Many different behavioral interventions have been developed for children with Autism, and they mostly fall under the category of Applied Behavioral Analysis (ABA). This approach generally involves therapists who work intensely, one-on-one with a child for 5 to 40 hours/week. ABA programs are overseen and managed by a Board-Certified Behavior Analyst (BCBA). Children are taught skills in a simple step-by-step manner, such as teaching colors one at a time. The sessions usually begin with formal, structured drills, such as learning to point to a color when its name is given; and then, after some time, there is a shift towards generalizing skills to other situations and  environments. ABA programs are most effective when started early, (before age 5 years), but they can also be helpful to older children.
  • Auditory Interventions

    Research has shown that AIT improves auditory processing, decreases or eliminates sound sensitivity and reduces behavioral problems in some children. There are several types of auditory interventions including the Tomatis approach, the Listening Program, the SAMONAS method, and Berard Auditory Integration Training. Information about these programs can be obtained from the Society for Auditory Intervention Techniques’ website

  • Behavioral Health Therapy
    Behavioral Health offers a myriad of support, which may include: Cognitive Behavioral Therapy (CBT), Art Therapy, Skill Building, Social Skills Groups, and Family Services, such as Sibshops, Parent Groups, and Family Counseling.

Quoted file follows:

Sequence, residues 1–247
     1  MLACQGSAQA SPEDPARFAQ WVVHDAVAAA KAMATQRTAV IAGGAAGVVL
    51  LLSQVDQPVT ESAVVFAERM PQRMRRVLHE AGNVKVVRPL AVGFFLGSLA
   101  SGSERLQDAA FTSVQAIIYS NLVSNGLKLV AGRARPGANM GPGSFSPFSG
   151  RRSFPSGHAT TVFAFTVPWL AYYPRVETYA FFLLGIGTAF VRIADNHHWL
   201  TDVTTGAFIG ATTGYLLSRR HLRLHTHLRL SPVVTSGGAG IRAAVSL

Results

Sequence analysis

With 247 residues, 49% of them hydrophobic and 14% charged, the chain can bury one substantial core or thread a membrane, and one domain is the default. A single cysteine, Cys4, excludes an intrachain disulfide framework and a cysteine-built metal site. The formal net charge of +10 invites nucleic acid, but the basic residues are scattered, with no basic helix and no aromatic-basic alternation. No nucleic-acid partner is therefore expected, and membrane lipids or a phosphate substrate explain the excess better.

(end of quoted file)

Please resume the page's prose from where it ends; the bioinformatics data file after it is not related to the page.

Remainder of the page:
• Floortime
    This technique uses your child’s interests for connection, to move forward intellectually and emotionally. Visit for more information. 
  • Hippotherapy
    A form of physical, occupational and speech therapy in which a therapist uses the characteristic movements of a horse to provide carefully graded motor and sensory input. A foundation is established to improve neurological function and sensory processing, which can be generalized to a wide range of daily activities. Unlike therapeutic horseback riding (where specific riding skills are taught), the movement of the horse is a means to a treatment goal when utilizing hippotherapy as a treatment strategy.
  • Relationship Development Intervention (RDI)
    This is a method for teaching children how to develop relationships, first with their parents and later with their peers. It directly addresses a core issue in Autism, namely the development of social skills and friendships. Learn more at
  • Social Thinking
    Social Thinking is a treatment framework and curriculum developed by Michelle Garcia Winner, SLP that targets how to enhance and improve social thinking abilities, regardless of diagnostic label. Through the Social Thinking concepts and strategies, individuals are taught social emotional skills and how to improve social problem solving. Visit for more information and to access free articles, webinars, and books to purchase. 
  • Habilitation
    Habilitation is a service that teaches a person to learn, keep, and improve skills and functional abilities. Habilitation goals are determined with your DDD support coordinator, and habilitation goals make up part of the Individual Support Plan (ISP). 
  • Respite
    Respite is child care that is intended to give the parents or guardians a break. Respite cannot be used so that the parent can work.
  • Attendant Care
    A service that provides a qualified individual to supply needed services in order for an individual
    to remain in his/her home and/or participate in work/community activities.